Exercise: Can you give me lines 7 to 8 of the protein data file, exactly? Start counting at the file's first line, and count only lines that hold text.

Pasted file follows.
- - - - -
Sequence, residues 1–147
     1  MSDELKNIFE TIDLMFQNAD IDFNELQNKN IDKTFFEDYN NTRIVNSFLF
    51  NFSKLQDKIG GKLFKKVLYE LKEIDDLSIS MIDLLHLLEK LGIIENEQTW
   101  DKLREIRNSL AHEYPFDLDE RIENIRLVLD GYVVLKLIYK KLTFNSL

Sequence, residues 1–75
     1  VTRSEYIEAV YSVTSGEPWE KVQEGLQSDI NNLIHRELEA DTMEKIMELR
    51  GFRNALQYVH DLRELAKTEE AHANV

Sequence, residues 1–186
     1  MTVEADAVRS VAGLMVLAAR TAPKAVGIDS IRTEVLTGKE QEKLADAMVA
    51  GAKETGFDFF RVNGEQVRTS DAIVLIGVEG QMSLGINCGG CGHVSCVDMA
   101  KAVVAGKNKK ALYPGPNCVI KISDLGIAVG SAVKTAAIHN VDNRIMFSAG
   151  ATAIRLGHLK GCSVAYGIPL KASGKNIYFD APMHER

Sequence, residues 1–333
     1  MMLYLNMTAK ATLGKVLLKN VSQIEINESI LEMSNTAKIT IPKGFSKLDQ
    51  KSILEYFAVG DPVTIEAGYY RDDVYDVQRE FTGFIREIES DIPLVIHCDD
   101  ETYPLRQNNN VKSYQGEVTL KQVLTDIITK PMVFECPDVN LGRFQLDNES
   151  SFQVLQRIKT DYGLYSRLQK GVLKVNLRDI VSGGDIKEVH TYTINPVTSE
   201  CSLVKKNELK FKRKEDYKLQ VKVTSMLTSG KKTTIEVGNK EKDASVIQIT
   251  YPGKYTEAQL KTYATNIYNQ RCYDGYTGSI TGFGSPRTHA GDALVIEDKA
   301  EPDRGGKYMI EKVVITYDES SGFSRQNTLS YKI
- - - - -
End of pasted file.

    51  GFRNALQYVH DLRELAKTEE AHANV

Sequence, residues 1–186